Photo courtesy of Steve Rice.
I was sitting in Berlin waiting for the other half of my meeting to show up and I ordered an iced tea. The server knew me by name and asked if I wanted a straw. A bit perplexed, admittedly, that he was asking rather than just providing, I said yes.
Returning with a straw, he politely and respectfully explained that Berlin—and by extension, Berlin’s sister business, Portfolio, both owned by Kerstin Kansteiner—will provide compostable straws upon request only because it’s better. For the ocean. For our streets. For our landfills. For our earth.
This moment really hit me. It was 1PM and I alone had already gone through three straws—one of which wasn’t even used on a water during breakfast. I quickly pulled out my phone and discovered I was very behind on a trend: banning straws because Americans go through 500 million a day. You read that right. 500 million straws are used to unnecessarily sip liquids and then disposed of on a daily basis in the US.
Long Beach has banned plastic bags at stores. We just banned syrofoam a little over a year ago. And yes, back in October, the City Council enforced restaurants to provide plastic utensils and straws by request only—but not outright getting rid of the nuisances.
In my brief little stint down the Google rabbit hole, I discovered that straws are fourth most popular collected item at beach cleanups (behind bottle caps, wrappers, and cigarette butts), according to The Ocean Conservancy.
So where oh where was Long Beach? And Los Angeles? And why was Kansteiner seemingly the business person taking a better earth into her own hands?
Kansteiner didn’t instantaneously arrive at this enlightened, albeit more expensive position. (Those compostable straws are, by no means, cheaper than good ol’ plastic.)
When screening the documentary Straws at the Art Theatre, she had an introduction by Steve Rice, a local musician who also cleans up the beach on a daily basis and, during these cleanups, would collect some 900 straws every day. During his intro, he brought in ten-thousand straws he has discovered on the shores of Long Beach alone—and the impact on Kansteiner was impressionable.
“I was caught off guard since I had never really thought about straws,” Kansteiner said. “Between the documentary itself and Steve bringing what he had collected, my mind was blown at how off-handedly we’re polluting the earth… I made all our businesses change to compostable straws and I am personally using reusable straws now.”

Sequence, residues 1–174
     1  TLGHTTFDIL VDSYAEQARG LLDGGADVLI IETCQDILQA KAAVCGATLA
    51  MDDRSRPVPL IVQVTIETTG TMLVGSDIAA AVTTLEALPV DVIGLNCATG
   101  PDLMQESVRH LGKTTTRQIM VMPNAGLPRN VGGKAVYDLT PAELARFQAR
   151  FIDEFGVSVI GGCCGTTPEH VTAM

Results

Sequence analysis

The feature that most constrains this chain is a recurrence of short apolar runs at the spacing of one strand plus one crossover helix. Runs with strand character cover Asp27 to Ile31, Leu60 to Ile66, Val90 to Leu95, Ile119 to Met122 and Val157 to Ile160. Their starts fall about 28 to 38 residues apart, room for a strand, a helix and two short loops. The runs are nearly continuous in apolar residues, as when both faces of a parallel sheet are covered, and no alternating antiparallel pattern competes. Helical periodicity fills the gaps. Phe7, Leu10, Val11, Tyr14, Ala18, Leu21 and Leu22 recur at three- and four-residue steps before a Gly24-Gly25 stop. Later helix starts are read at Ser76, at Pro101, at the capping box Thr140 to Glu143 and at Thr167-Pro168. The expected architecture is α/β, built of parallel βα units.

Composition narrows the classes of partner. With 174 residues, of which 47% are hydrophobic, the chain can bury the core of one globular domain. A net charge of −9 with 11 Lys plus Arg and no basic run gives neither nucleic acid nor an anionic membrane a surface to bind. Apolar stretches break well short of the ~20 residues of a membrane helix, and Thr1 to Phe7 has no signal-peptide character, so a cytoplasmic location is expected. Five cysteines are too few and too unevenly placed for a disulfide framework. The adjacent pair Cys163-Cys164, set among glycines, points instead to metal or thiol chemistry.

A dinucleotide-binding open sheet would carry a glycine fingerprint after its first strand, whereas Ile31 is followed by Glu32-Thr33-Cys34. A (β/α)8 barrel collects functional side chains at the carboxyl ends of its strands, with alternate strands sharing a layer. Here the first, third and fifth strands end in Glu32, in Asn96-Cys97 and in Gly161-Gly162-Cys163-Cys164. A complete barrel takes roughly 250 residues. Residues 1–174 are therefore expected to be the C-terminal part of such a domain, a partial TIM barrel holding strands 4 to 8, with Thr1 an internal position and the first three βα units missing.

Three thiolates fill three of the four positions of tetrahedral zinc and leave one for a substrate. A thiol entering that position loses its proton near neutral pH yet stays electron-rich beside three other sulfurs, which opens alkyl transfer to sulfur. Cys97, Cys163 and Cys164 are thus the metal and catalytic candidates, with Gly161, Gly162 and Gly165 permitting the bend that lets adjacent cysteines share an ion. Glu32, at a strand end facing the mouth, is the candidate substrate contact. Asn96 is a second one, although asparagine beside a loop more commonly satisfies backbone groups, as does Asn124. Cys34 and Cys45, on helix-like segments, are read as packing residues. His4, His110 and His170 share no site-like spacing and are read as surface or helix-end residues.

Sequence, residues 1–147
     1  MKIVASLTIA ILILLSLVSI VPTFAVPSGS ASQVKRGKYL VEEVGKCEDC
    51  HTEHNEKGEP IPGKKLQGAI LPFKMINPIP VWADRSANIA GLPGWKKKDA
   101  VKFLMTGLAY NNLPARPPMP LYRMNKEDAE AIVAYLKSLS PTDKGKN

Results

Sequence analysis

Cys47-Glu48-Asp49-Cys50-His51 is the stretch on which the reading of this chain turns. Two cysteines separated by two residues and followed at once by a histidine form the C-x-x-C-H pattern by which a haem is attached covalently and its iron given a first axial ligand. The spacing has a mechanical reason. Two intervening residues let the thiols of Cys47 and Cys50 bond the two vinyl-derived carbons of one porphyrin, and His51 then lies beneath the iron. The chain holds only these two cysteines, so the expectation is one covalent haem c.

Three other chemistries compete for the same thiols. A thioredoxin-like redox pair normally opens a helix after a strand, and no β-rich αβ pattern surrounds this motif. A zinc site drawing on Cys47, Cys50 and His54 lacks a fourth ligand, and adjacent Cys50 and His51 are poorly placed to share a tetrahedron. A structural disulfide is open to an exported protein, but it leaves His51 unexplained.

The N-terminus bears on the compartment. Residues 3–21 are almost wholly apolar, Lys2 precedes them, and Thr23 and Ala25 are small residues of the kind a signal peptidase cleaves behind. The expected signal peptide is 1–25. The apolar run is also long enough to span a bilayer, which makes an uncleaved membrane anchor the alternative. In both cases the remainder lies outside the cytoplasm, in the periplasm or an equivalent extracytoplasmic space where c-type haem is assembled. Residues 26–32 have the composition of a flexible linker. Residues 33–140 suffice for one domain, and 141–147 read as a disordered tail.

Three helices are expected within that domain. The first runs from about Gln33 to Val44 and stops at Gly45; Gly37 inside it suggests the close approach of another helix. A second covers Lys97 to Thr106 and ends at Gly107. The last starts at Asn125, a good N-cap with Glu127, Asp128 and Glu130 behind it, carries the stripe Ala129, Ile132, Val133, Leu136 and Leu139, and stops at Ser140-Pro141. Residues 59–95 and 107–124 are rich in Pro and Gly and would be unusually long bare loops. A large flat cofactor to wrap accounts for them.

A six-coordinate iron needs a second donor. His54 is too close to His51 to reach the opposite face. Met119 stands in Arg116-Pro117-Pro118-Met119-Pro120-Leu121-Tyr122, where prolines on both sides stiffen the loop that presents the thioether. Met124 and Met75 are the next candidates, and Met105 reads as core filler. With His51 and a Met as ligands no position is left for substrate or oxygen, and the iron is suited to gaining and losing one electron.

For Kansteiner, surely the uptick in cost for straws would be a grievance but in actuality, her businesses are now using less straws. With servers on board and comfortable dealing with customers who might be irked, it turns out that the cost has begun to balance out while her businesses help contribute in a small way.
She joins other joints like the Long Beach Creamery and Rasselbock, both in Bixby Knolls, that refuse to serve plastic straws.
Bans have not been unheard of on both sides of the discussion. On the private business side, chains like Britain’s massive pub chain Wetherspoon switched to compostable straws this year; Wetherspoon claims the move will prevent 70 million straws from entering landfills every year. On the municipal side, Seattle marks the biggest and latest city to outright ban plastic straws and utensils, a ban that was enacted the first of this year and supported by everyone from Mariner players to celebrities.
Even on the culinary side, Marcel Vigneron—the chef behind Wolf on Melrose—launched a “Straws Suck” campaign after being inspired by Straws like Kansteiner.
“It’s pretty forthright: you actually use straws to suck and they suck because they pollute the oceans,” Vigneron said. “We can fill up 127 school buses with the straws we use every single day in this country. It’s absurd.”
For Kansteiner and Vigneron, however, their personal choices to swear away with plastic sipping tools is one that needs to be met with a more aggressive approach from everyone in the city.
Et tu, City of Long Beach?
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